How to Eat Steak on a Budget


Grilling Steak: A Step-by-Step Image Gallery Sure, she looks friendly enough. But she works at a restaurant, so tread very carefully. See more pictures of grilling steak.
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­One of the great shames of life is that the region of your brain that governs hunger doesn't communicate with the region of your brain that knows you're broke. Just because you're craving a steak doesn't mean you can afford it, and knowing you can't afford a juicy porterhouse does nothing to curb your need for one. However, tricks abound for satiating your culinary desires in these dour economic times.

Eating steak on a budget means dealing with some cold, hard facts. For one, forget about ordering one in a restaurant. In the United States, annual revenue for the restaurant industry is around $240 billion, but you can -- and should -- use your money to recreate high-end meals at home for less [source: Research and Markets].

How do you save cash by staying home and whipping up the same meal you would've ordered at the steak house? After ­all, in the U.S., restaurants customarily don't mark up the prices on cuts of meat served as entrées as much as they do other items. In fact, the price of a steak as it appears on a restaurant's menu may cost only a few dollars more than what the restaurant paid for it. You're paying for the operating costs that restaurant owners must consider -- employee pay and benefits, power bills, maintenance and more -- and they must prodigiously mark up certain items to cover these expenses and turn a profit. For example, a side salad may be priced at five or ten times the restaurant's cost [source: UC Davis]. Extravagances like liquor and dessert are usually marked up several hundred percent [source: Frank].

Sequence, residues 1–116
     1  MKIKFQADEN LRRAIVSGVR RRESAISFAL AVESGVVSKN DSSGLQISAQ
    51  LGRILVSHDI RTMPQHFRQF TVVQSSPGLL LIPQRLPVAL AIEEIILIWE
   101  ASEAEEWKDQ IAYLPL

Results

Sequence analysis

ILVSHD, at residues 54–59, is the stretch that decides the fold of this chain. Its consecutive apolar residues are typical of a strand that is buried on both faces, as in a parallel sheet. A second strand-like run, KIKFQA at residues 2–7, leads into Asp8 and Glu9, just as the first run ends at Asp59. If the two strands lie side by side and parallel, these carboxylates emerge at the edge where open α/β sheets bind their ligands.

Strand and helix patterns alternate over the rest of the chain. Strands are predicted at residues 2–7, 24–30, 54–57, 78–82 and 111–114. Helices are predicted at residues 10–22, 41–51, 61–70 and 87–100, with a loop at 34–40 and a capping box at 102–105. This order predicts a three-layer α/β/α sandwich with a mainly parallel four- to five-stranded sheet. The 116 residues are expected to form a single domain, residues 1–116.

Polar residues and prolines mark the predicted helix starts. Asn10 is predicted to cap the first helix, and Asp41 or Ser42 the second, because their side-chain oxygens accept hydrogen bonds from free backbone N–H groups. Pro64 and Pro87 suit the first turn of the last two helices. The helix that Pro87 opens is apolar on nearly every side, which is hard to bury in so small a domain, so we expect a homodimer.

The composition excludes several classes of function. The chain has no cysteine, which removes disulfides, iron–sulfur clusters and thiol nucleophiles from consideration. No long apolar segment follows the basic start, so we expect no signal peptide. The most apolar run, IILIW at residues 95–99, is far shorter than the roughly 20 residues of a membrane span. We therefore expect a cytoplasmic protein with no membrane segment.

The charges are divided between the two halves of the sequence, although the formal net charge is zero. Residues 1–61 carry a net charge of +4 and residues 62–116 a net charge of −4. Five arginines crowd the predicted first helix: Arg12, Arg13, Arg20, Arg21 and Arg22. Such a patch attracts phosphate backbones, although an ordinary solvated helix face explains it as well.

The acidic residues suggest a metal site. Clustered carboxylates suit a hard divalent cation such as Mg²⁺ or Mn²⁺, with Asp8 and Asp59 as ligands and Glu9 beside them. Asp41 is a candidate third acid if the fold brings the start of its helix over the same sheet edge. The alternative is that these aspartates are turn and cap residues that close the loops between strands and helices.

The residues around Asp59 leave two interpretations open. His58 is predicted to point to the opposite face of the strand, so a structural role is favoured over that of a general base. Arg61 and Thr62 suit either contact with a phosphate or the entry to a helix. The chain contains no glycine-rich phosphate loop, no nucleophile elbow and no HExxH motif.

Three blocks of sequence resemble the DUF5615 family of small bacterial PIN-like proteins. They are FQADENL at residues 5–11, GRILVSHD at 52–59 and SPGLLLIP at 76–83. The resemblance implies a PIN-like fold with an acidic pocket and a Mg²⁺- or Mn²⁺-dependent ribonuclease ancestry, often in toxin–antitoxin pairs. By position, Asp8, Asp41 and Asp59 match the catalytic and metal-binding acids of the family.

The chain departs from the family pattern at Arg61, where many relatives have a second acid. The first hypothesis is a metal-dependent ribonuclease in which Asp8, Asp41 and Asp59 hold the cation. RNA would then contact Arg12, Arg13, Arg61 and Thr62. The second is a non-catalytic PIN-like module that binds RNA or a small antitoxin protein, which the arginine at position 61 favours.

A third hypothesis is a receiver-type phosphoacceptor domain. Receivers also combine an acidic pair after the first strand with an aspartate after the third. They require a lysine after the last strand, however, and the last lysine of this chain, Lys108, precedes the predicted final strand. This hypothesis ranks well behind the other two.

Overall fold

­Since any steak lover would likely throw out any semblance of thrift upon entering, say, Peter Luger's, you should try avoiding temptation altogether. This doesn't mean resigning yourself to a lifetime of ground beef. In fact, you can ­have a restaurant-style meal at home for pennies on the dollar compared to the cost of going to a steak house. The Web site found it could match a dinner at the American steak house chain Ruth's Chris, complete with lobster bisque, iceberg lettuce wedge with blue cheese dressing, dessert and a glass of Cabernet Sauvignon. The restaurant charged $75.45 per person for a New York Strip and two sides, while the at-home version of the same meal cost only $17.30 per person [source: MyRecipes].